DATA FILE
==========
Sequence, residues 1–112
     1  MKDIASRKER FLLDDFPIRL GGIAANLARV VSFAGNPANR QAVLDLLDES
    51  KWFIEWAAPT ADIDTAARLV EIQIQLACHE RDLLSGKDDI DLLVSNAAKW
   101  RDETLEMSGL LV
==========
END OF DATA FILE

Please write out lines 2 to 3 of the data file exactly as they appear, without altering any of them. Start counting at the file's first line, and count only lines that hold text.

     1  MKDIASRKER FLLDDFPIRL GGIAANLARV VSFAGNPANR QAVLDLLDES
    51  KWFIEWAAPT ADIDTAARLV EIQIQLACHE RDLLSGKDDI DLLVSNAAKW